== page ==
When I was six, I wanted to be an astronomer or a paleontologist. When I was twelve I wanted to be a science fiction writer. I went to college at Rice University intending to get a degree in electrical engineering and work for JPL or NASA. I ended up double majoring in EE and space physics and went on to the University of Texas at Austin to study astronomy. After getting my PhD in 1996, I worked at Lawrence Livermore National Laboratory and Kitt Peak National Observatory. I am now an assistant professor in the department of Physics and Astronomy at the University of Wyoming. My specialty is quasars. I’ve actually used the Hubble Space Telescope, the Chandra X-ray Observatory, the Keck Telescope and the Very Large Array in New Mexico. You can find out more here .
Writing starts with reading. I don’t remember learning to read and don’t remember ever having difficulty with reading with one exception in the form of a nasty school librarian who told me in first grade that I “didn’t read that book.” You see, I’d taken a book from the “big stacks” and first graders weren’t supposed to be able to read those. Bitch. I started writing my first novel — something really terrible inspired by Edgar Rice Burroughs’s John Carter of Mars books — in sixth grade. For the most part I let the writing bug idle until I was in college. I got to write a short story for a Space Colonies course my freshmen year, then did some writing on my own and also for an advanced fiction writing course my junior year. I didn’t sell anything I wrote in college but I did start learning to be professional and submitting my stories. Graduate school slowed me down for a few years but I did join a local SF/F writing group (“The Slugtribe”) and started getting serious about writing. I was fortunate enough to be able to attend the Clarion West Writer’s Workshop in the summer of 1994.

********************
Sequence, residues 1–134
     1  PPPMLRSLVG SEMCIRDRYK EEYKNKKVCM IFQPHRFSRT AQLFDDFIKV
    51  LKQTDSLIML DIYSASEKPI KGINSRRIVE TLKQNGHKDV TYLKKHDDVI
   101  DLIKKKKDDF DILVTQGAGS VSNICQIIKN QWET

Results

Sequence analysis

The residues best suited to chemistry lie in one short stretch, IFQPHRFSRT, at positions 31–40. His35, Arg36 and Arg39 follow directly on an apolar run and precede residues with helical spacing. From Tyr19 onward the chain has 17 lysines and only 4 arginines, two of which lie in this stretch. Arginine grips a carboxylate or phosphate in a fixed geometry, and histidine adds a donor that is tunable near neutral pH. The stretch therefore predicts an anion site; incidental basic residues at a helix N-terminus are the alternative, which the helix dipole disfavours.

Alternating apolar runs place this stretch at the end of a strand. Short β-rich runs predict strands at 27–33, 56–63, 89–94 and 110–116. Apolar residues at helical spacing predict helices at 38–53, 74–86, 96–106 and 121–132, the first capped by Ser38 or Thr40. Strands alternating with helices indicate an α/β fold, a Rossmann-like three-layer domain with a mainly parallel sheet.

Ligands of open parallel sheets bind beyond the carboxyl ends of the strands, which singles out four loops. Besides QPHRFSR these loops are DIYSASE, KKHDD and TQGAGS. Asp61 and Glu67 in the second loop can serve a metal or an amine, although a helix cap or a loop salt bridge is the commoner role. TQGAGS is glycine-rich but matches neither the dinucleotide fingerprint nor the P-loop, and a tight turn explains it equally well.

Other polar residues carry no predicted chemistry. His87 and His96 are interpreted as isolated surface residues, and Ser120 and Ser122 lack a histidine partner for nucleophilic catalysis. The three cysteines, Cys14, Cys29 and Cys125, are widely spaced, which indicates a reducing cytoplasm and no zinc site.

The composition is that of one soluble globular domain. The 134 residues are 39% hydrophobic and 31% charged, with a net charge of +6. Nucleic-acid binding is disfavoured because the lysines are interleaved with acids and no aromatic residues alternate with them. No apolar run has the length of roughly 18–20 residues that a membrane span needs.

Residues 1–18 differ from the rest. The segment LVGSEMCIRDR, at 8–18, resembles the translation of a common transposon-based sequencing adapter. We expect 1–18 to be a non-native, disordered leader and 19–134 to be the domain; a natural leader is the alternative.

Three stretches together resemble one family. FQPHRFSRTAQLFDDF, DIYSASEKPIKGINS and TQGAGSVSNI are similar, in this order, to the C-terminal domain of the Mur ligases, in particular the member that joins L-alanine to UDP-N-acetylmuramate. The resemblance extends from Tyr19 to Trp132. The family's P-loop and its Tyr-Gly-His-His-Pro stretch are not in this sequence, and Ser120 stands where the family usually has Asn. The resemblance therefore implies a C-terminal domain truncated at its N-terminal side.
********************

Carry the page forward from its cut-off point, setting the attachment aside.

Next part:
Clarion West was a wonderful experience for me though not everyone fares so well. It’s basically boot camp for writers for six weeks, writing 5-6 stories, reading and critiquing over 100 stories, living and learning intensely. I’m still in contact with many of my classmates now nearly a decade later and a rather large percentage of us have become successful writers. We’ve produced over a dozen books and had dozens of short stories published in professional anthologies and magazines. At least half of us are still in there slugging. While the craft acquired at something like Clarion is not to be underestimated, the most important legacy to me has been the friends and professional contacts I made there. Beth Meacham, my editor at Tor, was one of my Clarion instructors and gave me a thumbs-up on the novel synopsis I wrote there. It took me another six or seven years to finish my PhD, hone my craft, and get the actual novel, STAR DRAGON, on her desk.
Mike’s Favorite SF/F Novels in no particular order:
Mike’s favorite movies in no particular order:
Links of Special interest: